Sunday, November 27, 2011

Charleston, SC

Charleston was one of the prettiest southern towns I've seen. It truly shows the elegance of a time gone by with its old, southern style homes. And then there is the Port of Savannah, which even today, is still the 4th busiest port in the U.S. but early in its history, it was a critical factor in both the Revolutionary War and the Civil War. It will take me several blogs to share all that I explored in Charleston.

But I will start with the Oyster Roast at the Elks Lodge.

We arrived just in time to attend the annual oyster roast. Here are the bags of fresh oysters, ready to be steamed for the roast.

Here they are getting ready to put the steaming baskets in the steamer.

And here we are helping ourselves to our first basket of steamed oysters. They have this down pat. Notice the holes in the tables? There is a trash can underneath for your oyster shells (oyster shells are always recycled). You get your bucket, find an empty spot along the table and start shucking those oysters.

I had only had fried oysters before this, and I think I like these.

Max even had his share. Between the three of us, Max, Tom and myself, we finished off 3 buckets of oysters. Sounds like a lot, but I watched many there finish off 3 buckets all by themselves. They also had fish stew and hotdogs (which I was told you had to eat with chili). We had lots of fun and felt like we really got to participate in a 'local' activity.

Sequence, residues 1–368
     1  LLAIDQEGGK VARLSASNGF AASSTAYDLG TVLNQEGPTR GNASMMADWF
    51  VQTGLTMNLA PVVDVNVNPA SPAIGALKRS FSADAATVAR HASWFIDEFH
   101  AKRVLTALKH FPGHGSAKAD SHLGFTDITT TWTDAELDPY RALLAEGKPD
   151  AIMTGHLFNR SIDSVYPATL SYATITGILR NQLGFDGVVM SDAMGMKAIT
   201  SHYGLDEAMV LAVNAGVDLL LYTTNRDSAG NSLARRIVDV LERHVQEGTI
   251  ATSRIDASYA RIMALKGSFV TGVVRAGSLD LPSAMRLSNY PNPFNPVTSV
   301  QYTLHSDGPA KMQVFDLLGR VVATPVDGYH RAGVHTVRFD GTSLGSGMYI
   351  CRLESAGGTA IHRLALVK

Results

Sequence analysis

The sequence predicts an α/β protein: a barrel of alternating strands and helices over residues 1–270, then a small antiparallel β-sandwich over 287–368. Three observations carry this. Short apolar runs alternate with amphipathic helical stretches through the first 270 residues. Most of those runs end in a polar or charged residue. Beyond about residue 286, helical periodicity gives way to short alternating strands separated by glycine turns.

The Angel Tree is located just south of town. It is estimated to be 300-400 years old, although legend says it is over 1500 years old. Live Oaks only live to be approximately 500 years old, and this tree can trace its history back to the 1700s. That's me standing underneath. Yes, it really is that large.

We also visited the only tea plantation in America. Notice how far it is to the some of the next closest tea plantation.

This is a tea plant. We got to take a tour of the tea processing plant, although it was on the weekend and it wasn't operating. Did you know the only difference between green tea, oolong tea and regular tea is the amount of time the tea is oxidized? I learned a lot about tea.

This is a tea harvester. The tea plant looks like a hedge and is dormant during the fall and winter. It starts growing in the spring and can be harvested every 10-14 days. The harvester simply goes over the top and cuts off all the new shoots, then the leaves are separated and the leaves are taken in for processing.

The holidays are near and the Festival of Lights was already going. It is 3 miles of displays with over 2 million lights.

I liked Santa on the motorcycle.

And I also liked this church. Needless to say, there were many, many more, but if you want to see them, you just need to go to Charleston.

1 comment:

Brad and Barb said...

We had a wonderful time in Charleston when we were there. Went to the Tea plantation also. We also saw Boone Hall plantation and, of course, tripped out to Ft. Sumter. It's a great part of the country!!